Theoretical and Applied Genetics

, Volume 129, Issue 1, pp 17–29 | Cite as

Quantitative trait loci mapping for Gibberella ear rot resistance and associated agronomic traits using genotyping-by-sequencing in maize

  • Aida Z. Kebede
  • Tsegaye Woldemariam
  • Lana M. Reid
  • Linda J. Harris
Original Article


Key message

Unique and co-localized chromosomal regions affecting Gibberella ear rot disease resistance and correlated agronomic traits were identified in maize.


Dissecting the mechanisms underlying resistance to Gibberella ear rot (GER) disease in maize provides insight towards more informed breeding. To this goal, we evaluated 410 recombinant inbred lines (RIL) for GER resistance over three testing years using silk channel and kernel inoculation techniques. RILs were also evaluated for agronomic traits like days to silking, husk cover, and kernel drydown rate. The RILs showed significant genotypic differences for all traits with above average to high heritability estimates. Significant (P < 0.01) but weak genotypic correlations were observed between disease severity and agronomic traits, indicating the involvement of agronomic traits in disease resistance. Common QTLs were detected for GER resistance and kernel drydown rate, suggesting the existence of pleiotropic genes that could be exploited to improve both traits at the same time. The QTLs identified for silk and kernel resistance shared some common regions on chromosomes 1, 2, and 8 and also had some regions specific to each tissue on chromosomes 9 and 10. Thus, effective GER resistance breeding could be achieved by considering screening methods that allow exploitation of tissue-specific disease resistance mechanisms and include kernel drydown rate either in an index or as indirect selection criterion.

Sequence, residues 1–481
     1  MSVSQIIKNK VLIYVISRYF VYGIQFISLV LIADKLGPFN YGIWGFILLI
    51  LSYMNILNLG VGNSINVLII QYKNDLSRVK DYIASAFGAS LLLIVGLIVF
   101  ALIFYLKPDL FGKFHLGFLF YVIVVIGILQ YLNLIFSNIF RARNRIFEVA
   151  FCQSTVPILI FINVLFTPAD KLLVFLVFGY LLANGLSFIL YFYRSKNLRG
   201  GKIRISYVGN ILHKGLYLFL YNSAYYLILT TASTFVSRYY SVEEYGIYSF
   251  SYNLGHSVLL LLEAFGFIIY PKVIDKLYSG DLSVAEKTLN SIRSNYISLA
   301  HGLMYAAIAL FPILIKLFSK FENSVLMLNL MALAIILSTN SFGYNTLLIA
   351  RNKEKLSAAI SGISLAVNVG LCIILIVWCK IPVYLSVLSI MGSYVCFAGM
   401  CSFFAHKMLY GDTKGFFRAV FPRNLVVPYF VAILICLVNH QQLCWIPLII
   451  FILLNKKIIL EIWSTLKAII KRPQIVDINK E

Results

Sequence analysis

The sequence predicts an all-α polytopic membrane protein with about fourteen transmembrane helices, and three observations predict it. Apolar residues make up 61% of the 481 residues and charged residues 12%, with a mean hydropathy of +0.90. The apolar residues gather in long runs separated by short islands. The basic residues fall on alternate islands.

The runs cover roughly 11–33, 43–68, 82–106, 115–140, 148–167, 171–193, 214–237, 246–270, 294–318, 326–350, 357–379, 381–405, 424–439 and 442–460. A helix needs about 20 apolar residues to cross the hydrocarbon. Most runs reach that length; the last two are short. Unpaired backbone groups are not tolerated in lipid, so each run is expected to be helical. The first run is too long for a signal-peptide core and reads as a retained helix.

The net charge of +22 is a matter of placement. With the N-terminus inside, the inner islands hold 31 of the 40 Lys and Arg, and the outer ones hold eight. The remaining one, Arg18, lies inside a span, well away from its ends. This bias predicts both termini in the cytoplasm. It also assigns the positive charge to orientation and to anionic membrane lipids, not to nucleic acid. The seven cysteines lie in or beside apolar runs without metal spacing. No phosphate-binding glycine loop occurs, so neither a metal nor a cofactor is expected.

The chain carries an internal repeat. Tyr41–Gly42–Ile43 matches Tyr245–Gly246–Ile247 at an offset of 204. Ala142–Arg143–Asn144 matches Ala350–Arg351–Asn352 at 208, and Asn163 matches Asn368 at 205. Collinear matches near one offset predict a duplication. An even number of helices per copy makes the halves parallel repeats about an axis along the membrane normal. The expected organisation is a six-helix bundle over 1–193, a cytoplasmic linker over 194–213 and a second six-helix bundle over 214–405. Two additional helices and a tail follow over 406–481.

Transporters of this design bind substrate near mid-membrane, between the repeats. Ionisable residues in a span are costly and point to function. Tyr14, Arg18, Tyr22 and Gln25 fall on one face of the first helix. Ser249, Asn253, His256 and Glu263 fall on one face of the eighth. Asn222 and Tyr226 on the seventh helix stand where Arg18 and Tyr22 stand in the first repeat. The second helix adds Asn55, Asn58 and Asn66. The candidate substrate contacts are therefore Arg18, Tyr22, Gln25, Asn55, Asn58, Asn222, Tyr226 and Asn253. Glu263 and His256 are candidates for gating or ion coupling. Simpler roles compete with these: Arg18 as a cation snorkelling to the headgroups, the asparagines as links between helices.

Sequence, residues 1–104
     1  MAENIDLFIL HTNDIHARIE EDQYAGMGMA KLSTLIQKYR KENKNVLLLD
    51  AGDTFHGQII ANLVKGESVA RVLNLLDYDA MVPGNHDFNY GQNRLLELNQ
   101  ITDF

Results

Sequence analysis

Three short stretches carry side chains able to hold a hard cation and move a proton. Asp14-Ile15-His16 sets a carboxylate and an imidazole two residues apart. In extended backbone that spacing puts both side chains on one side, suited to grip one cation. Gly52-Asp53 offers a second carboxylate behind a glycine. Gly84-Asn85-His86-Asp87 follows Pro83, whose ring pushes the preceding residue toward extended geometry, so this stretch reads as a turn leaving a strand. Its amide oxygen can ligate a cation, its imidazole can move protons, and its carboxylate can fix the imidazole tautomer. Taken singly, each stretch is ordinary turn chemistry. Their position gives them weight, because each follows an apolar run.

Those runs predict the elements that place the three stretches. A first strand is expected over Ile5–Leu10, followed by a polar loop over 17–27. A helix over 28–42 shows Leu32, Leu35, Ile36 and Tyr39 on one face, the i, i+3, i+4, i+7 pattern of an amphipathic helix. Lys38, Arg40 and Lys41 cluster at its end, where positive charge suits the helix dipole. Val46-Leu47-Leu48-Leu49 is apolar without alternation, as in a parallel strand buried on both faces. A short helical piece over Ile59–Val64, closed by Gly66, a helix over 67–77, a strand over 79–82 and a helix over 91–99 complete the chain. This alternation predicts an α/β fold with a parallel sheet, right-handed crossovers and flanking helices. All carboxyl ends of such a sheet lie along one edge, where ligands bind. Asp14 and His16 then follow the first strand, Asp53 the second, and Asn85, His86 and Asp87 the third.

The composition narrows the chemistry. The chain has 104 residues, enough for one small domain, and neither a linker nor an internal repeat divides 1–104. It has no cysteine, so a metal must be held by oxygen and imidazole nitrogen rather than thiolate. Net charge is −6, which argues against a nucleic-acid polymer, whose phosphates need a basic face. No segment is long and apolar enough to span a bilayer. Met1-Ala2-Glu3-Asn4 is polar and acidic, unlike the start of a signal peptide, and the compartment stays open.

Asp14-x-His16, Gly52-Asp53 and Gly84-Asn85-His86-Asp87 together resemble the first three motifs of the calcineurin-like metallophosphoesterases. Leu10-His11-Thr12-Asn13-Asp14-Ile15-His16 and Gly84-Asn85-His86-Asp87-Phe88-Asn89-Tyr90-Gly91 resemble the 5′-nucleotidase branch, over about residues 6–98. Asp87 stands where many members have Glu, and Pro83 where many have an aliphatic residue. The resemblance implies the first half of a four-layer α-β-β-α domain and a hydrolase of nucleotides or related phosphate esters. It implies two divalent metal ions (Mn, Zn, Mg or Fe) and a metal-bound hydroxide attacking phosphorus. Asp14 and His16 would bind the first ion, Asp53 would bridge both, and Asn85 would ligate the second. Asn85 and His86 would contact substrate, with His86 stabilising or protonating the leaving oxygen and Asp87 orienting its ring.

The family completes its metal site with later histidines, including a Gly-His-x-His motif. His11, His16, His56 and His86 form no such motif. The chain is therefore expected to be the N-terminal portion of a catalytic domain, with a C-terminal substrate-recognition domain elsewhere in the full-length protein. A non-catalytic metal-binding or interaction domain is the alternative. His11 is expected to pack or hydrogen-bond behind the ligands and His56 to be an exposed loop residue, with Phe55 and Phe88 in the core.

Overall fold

Quantitative Trait Locus Agronomic Trait Quantitative Trait Locus Region Recombinant Inbred Line Population Inoculation Technique 
These keywords were added by machine and not by the authors. This process is experimental and the keywords may be updated as the learning algorithm improves.



This project was funded by the Agriculture and Agri-Food Canada (AAFC) and the Canadian Field Crop Research Alliance. We acknowledge the genotyping-by-sequencing service obtained from Ed Buckler’s group at Cornell University. We also thank Danielle Schneiderman, Anne Johnston, Whynn Bosnich, Phillipe Couroux, Wubshet Bekele, Harman Komal, Suzette Janse Vans Rensburg, Emily-Ann Butler, Fatoumata Bah, Constantin Voloaca, and Jinhe Wu for the technical support. We appreciate comments and suggestions of anonymous reviewers for improving the manuscript.

Compliance with ethical standards

The research was conducted in compliance with the current laws of Canada.

Conflict of interest

The authors declare that they have no conflict of interest.

Supplementary material

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Copyright information

© Her Majesty the Queen in Right of Canada 2015

Authors and Affiliations

  • Aida Z. Kebede
    • 1
  • Tsegaye Woldemariam
    • 1
  • Lana M. Reid
    • 1
  • Linda J. Harris
    • 1
  1. 1.Eastern Cereal and Oilseed Research CentreAgriculture and Agri-Food CanadaOttawaCanada

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